Sad to hear today that the great Hans Rosling has died of cancer. In his passing we’ve lost a great public champion of rational thought about the future. I’d like to think that, in his last days, he took heart from thinking that the publicity around his death would bring his insights to a much wider public — and at precisely the moment in history where they might do the most good.
“Can you name a single movie made in the last 40 years that depicts a future that’s better than the present? I can get as far as one of the possible futures in Back to the Future II, and then I come up empty. … Somewhere between the assassination of John F. Kennedy  and the fall of the Berlin Wall , the future [anticipated by our fictions] turned ugly. It stayed ugly for decades.”
Possibly it has something to do with the eliding of ‘the teenager’ into political rebellion in the 60s and 70s, with dystopia offering a much freer rein to imagine one roaming free of one’s parents strictures and their ‘crumbly old’ society. Plus, the threat of nuclear war offered a real and ever-present chance of civilisation’s collapse.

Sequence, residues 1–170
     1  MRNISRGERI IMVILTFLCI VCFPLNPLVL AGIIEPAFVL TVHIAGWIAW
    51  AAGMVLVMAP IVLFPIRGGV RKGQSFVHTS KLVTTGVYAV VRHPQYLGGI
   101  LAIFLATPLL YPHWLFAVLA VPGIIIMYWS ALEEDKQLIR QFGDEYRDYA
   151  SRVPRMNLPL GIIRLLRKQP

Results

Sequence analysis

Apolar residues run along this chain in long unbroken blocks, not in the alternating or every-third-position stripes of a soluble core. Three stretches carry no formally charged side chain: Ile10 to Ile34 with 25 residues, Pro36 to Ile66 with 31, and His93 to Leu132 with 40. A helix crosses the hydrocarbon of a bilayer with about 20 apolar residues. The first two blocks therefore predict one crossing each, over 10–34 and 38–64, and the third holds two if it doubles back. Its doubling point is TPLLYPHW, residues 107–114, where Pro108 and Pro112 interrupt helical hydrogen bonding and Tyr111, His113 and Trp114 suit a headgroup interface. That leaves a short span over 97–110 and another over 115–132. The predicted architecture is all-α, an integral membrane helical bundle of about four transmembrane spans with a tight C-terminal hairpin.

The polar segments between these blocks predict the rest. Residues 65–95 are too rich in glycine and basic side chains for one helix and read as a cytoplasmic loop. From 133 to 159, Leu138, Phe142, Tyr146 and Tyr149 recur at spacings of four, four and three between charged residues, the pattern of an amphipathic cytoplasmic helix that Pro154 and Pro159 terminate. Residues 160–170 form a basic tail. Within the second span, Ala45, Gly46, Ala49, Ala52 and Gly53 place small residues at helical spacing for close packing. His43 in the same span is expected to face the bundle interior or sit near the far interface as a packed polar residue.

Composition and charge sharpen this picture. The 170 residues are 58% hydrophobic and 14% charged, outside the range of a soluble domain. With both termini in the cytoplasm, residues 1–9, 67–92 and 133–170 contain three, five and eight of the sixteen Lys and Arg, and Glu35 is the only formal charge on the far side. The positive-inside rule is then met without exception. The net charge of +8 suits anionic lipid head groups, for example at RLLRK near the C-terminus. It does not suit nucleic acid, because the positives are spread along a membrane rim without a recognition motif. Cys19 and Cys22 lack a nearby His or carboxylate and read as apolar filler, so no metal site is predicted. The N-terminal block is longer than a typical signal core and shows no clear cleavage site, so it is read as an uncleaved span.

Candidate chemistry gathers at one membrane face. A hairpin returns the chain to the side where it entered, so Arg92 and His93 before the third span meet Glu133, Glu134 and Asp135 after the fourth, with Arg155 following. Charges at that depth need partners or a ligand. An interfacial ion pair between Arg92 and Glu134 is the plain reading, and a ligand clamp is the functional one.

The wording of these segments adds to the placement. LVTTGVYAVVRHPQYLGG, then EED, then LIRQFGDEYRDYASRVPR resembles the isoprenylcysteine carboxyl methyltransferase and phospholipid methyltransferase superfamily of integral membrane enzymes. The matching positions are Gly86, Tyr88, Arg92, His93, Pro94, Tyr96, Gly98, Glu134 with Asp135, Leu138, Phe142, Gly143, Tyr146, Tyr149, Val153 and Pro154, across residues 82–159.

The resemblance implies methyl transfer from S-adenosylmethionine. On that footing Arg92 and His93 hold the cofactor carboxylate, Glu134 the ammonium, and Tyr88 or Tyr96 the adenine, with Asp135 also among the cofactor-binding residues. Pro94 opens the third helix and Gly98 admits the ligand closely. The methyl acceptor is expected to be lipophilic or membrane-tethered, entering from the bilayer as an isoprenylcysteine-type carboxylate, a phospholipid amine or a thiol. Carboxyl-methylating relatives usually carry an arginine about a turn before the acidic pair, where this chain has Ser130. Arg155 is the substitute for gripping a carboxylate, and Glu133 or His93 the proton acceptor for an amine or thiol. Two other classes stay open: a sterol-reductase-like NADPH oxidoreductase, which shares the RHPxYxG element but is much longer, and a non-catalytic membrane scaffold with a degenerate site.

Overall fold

“Breaking news: It’s the best of times” points to the amplification effect that modern news gathering has on the level of bad news we read. With a whole world of news to choose from, editor preference will naturally gravitate out to the extreme margins of the vastly widened news spectrum.
“the international news is usually worse than national news, which is worse than regional news, which is worse than local news. In other words, international news is depressing for statistical reasons. The extremity of atrocities and tragedy is not a representative reflection of the state of the world.”
This operates at both ends of the spectrum, from fluff to atrocity. Thus the Daily Telegraph‘s Wildlife RSS feed devolves into a wasteland of ‘whacky funny animal videos’, while the Guardian‘s environment pages exist in a permanent state of ‘Apocalypse, Now!’.